Esther, Vashti, and Women Leaders

 In Holidays

Esther, Vashti, and Women Leaders

Rabbi Bonnie Koppell

 

We can still talk about Purim, right?  Purim may have officially  ended when we lit candles and entered into Shabbat.  However, in some parts of the world, ancient walled cities- like Jerusalem- it’s STILL Purim.  It’s actually called “Shushan Purim” and it commemorates the tragic loss of life that the megillah describes as the Jewish community defended itself.  For reasons that are unknown, Achashverosh could not or did not rescind the order to destroy the Jewish people, he simply amended it to allow us to defend ourselves.  We read that a total of 75,000 people were killed, a statistic that calls into question our lighthearted approach to the holiday.  The lack of leadership on the part of Achashverosh is incomprehensible.

Thus, the people of Shushan celebrated Purim a day later than those in the outlying communities; hence, Shushan Purim.  And, because some of the mitzvot associated with Purim cannot be completed on Shabbat, in those places Purim continues into Sunday.  This year is one of those in which Purim actually takes place over 3 days.

So, it is appropriate that tonight we look at the text of the megillah- albeit through a contemporary lens.  And what we see are 2 examples of women’s empowerment.  Vashti, the feminist heroine and original #metoo champion, defies the king and asserts her own dignity.  The king orders her to appear and she bravely refuses.  The king does not appear upset about this, but his advisors are concerned about the precedent this may set in the kingdom, if all women decide that they are not subject to their husband’s whims.  Exit Vashti, enter Esther

The scroll of Esther describes her transformation from timid beauty queen to strategic leader.  Esther hides her Jewish identity, as women throughout history have hidden who we are.  Her very name- Esther- is etymologically related to the word “seter-secret.”  As we read the story of Esther and her ultimate willingness to risk her life to save the Jewish people, we reflect on the parts of ourselves that we keep hidden, and the wellsprings of strength that are, perhaps, untapped.  Esther’s self-reliance is underscored by the fact that God’s name does not appear in the text- it’s all on her!   We pray that megillat Esther will empower all girls to courageously embrace who they are.

Thinking about Esther, I reflect on the transformative role of women in the Jewish community that has taken place during my lifetime.  Growing up in a Conservative congregation in Brooklyn, NY, my Bat Mitzvah was celebrated only on Friday night and I did not read from the Torah.  When I first came to services wearing a tallit, I was summarily asked to remove it or to leave the sanctuary.  Women could not have a Torah Aliyah and were not counted in a minyan.  In 2021 that seems incredible- yet- it’s true:  9 men and 6 women there for a service, and there was no kaddish or Barchu, prayers that required the presence of 10 men.  And, there were no women rabbis- NONE!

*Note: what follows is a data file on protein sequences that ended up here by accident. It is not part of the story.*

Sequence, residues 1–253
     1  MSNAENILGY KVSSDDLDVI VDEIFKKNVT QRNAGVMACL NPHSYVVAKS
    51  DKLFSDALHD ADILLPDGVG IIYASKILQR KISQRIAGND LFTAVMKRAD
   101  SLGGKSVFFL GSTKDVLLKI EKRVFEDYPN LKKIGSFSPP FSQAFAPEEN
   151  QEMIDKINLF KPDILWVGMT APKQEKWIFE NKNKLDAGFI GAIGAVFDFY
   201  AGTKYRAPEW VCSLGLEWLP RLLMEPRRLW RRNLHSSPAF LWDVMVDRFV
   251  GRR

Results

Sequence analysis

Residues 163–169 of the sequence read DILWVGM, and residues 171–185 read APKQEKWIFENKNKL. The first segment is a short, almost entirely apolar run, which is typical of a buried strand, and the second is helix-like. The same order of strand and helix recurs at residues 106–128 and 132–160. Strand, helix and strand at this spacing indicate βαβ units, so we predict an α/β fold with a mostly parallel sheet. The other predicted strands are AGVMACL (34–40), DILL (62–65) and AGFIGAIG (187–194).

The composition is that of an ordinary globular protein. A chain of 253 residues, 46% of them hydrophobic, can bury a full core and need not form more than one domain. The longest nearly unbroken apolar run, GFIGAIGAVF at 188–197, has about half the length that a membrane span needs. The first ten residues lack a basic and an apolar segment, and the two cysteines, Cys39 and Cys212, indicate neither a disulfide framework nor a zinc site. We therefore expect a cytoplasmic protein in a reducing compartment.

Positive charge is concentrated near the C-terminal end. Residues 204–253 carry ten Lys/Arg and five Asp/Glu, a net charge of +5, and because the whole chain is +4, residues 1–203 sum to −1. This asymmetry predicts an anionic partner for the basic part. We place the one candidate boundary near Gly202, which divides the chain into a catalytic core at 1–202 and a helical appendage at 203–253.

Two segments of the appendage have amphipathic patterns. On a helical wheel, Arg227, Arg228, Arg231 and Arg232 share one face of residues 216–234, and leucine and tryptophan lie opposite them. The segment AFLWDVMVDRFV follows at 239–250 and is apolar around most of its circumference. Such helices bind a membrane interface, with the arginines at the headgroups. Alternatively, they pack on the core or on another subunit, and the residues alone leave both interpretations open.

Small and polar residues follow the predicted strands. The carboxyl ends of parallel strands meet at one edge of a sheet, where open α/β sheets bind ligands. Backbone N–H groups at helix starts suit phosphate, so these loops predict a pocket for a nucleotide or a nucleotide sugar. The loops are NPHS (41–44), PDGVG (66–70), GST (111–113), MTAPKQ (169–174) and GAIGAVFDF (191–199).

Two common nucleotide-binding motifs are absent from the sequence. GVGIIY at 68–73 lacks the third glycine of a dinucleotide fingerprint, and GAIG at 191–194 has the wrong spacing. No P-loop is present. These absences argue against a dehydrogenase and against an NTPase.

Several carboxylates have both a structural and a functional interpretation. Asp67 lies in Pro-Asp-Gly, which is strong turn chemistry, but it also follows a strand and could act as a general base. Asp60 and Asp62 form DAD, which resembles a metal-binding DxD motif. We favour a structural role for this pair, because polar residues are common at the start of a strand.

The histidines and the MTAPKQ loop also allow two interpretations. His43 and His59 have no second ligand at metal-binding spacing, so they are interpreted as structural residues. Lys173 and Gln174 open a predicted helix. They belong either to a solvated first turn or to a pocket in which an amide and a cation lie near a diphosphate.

In the late 19th century, a pioneer woman, Ray Frank, traveled this country delivering sermons, a precursor to today’s female rabbis. Many consider Regina Jonas, who was ordained in Berlin in 1935 as the first female rabbi, yet, it was not until 1972 that Sally Priesand became the first female Reform rabbi in the United States.  She was followed in 1974 by Sandy Eisenberg Sasso, a graduate of the Reconstructionist Rabbinical College.  Amy Eilberg was the first Conservative woman, ordained by the Jewish Theological Seminary in 1985.  When I joined the US Army Reserve in 1978, no female rabbi had ever been in the US military- there were SO few of us.

I love that now we take for granted that, of course, women can be rabbis.  Or anything else they want to be!  Our Temple Chai teens were surprised, to say the least, when they learned of this recent history.  And the best thing is when our students come back from another shul and gleefully tell us how odd it was that there was a male rabbi!

Shushan Purim on Shabbat gives us an extra opportunity to celebrate Vashti and Esther and women’s empowerment, leading us directly into Women’s History Month beginning on Monday.  It’s time to take off our masks, to be who we are, to inspire and empower young people to lead with strength and confidence.

 

 

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